Monday, October 20, 2014

Darolyn Jones: Hope Takes Practice

Because I am an eclectic sort, I am often reading about diverse topics for all sorts of reasons that would not make sense to anyone but myself.  Which is why I found myself reading an elder rights blog, which mentioned a new Caregifted award that was being instituted for bloggers who are also caregivers, which led me to Darolyn Jones and her blog:  Hope TakesPractice.  
Darolyn Jones, is the mother of a special needs child and advocate for families with special needs children, but what really caught my attention was that she is a qualitative researcher who studies this topic.  

Her blog was riveting, and I found myself reading with no thought to the time and how I would feel the next morning.  Assistant professor in the English Department at Ball State University, Director of the Memoir Project at the Indiana Writers Center, she is as passionate about writing as she is about the experiences of parenting a child with special needs.  She has been involved in many community writing ventures that have reached out to help the silenced find voice.  

The blog provided me with clues to her methodological interests—autoethnography, narrative study, case study.  All well and good, but over and above the methodological strands what will capture your attention is the way she tells personal stories, exploring experience to bring the reader deep into the feelings of a parent with a special child—the tiredness and fears, the joys and jubilations.  

While I will now look forward to reading professional articles or books by this woman, I am very happy to have found such a great blog by a qualitative researcher.  Blog on, Darolyn Jones!  Just by blogging, your contribution to qualitative research is significant.  Qualitative research needs voices like this, shouting authentic experience from the digital rooftops.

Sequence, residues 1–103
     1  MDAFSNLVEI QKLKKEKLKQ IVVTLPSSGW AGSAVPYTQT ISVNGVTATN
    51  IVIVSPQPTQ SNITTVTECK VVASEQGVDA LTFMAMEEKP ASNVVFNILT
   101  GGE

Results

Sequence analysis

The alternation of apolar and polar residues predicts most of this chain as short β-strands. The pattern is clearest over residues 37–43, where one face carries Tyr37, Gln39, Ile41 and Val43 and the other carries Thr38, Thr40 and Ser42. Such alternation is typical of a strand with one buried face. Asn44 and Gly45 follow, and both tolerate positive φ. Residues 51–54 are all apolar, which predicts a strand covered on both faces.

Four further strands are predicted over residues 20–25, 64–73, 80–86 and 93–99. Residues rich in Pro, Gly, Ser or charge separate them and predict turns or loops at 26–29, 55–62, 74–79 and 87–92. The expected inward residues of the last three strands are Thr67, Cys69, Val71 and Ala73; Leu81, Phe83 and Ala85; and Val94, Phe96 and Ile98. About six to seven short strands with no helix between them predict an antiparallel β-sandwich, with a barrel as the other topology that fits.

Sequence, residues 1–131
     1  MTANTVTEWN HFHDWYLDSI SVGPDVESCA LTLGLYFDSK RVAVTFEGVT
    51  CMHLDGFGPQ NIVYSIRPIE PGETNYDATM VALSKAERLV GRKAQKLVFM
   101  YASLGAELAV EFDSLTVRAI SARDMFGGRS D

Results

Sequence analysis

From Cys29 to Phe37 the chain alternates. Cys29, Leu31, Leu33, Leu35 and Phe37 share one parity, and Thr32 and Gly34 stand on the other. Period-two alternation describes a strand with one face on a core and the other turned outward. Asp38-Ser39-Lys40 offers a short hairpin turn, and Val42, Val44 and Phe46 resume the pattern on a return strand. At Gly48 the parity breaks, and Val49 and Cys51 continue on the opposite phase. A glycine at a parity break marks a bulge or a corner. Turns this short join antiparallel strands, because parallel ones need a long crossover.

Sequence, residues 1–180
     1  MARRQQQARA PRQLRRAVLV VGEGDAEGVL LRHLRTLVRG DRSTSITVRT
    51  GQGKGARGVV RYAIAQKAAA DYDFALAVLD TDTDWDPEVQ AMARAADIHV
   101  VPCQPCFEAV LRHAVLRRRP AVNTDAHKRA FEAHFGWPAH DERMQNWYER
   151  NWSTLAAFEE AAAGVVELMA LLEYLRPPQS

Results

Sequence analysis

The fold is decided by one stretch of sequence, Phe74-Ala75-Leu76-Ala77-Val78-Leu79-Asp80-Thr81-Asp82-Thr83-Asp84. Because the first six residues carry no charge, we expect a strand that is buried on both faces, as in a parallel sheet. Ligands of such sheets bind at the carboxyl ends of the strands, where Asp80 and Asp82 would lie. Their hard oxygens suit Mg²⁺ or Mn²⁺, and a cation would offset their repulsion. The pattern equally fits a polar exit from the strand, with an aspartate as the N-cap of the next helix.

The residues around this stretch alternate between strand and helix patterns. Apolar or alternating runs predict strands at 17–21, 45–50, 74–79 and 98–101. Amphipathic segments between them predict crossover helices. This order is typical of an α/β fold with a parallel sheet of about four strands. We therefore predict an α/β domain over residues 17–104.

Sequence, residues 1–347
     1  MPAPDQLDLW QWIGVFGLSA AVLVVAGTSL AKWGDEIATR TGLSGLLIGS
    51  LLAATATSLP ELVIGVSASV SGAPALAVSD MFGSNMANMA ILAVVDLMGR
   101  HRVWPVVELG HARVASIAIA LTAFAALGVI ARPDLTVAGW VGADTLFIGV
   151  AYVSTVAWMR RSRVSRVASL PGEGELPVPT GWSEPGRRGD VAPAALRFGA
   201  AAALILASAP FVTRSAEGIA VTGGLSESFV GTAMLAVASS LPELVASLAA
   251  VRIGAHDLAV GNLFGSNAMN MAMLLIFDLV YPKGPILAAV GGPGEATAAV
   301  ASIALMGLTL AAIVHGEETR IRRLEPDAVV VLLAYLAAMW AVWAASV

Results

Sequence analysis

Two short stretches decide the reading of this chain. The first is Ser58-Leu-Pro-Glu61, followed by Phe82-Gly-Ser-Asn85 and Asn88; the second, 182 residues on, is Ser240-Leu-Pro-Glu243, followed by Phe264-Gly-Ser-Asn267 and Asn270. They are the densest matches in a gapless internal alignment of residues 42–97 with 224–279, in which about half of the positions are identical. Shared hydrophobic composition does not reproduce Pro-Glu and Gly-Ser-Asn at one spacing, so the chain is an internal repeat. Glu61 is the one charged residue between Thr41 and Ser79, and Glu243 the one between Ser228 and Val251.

Friday, October 17, 2014

QRfrag Returns!

Welcome to the return of QRfrag (Qualitative Research Fragmented), a blog about qualitative research.  I am interested in diverse aspects of qualitative, and this blog will be as eclectic as I am.  It is a place to think aloud about the new directions in qualitative research, to ponder the questions students ask about qualitative research, and to consider books, articles, and other products and artifacts of this field. 
                When I made the decision to resurrect QRfrag, I thought hard about the shape it could take.  Part of that work was subscribing to a number of blogs of interest to me and reading blogs about blogs.  There is a lot of information out there on the topic of blogs.  I sifted through the advice trying to decide what approach would work best for me.  Some bloggers insisted on 500 words, others called for articles of 1,500 words.  Some bloggers schedule regular postings, others posted irregularly. 
                As I took part in these forays into the thickets of blogging, I found myself coming back again and again to a single blog to which I had subscribed:  Studio and Garden, the work of artist Altoon Sultan.  There are several things I like about this blog. 
                First is the simplicity.   Studio and Garden is really about studio and garden.  Sultan, who lives in a farmhouse in Vermont’s rural Northeast Kingdom, blogs about studio—her studio work and the work of others who inspire her—and garden—her vegetable garden and the plants, ponds, and matter surrounding her home. 
                This brings me to the second reason I like her blog:  It is restful and refreshing.  She asks the reader to slow down and look carefully, be it the ice formations in a puddle or the work of artists at the Metropolitan Art Museum.  When I read her blog I breathe more deeply and find myself attending to new details. 
                I also like this blog for the new information it brings me.  She talks about objects, artists, colors, and materials in ways that are totally new to me.  Her reviews of the art shows she visits make me want to go immediately—stop that bus, I am on my way! 
                Four is authenticity and questing.  She appears to be true to whom she is.  From what I’ve read, she started the blog as part of the remaking of herself as an artist.   After many years as a painter with successful gallery sponsorship in New York City, her style and focus began to change.  She and the gallery parted ways, she moved to Vermont, and began the process of working through new artistic problems.  I like the thought that her blog, as well conceived as it seems to me, is still about figuring out the meaning of her work. 
                So my list of key words for what I would like to emulate from the Studio and Garden blog are:  simplicity, restful and renewing, new information (inventive, creative, compeling), authenticity, and the quality of questing.  I hope I can achieve some part of this in the new version of QRfrag.  Thank you for joining me.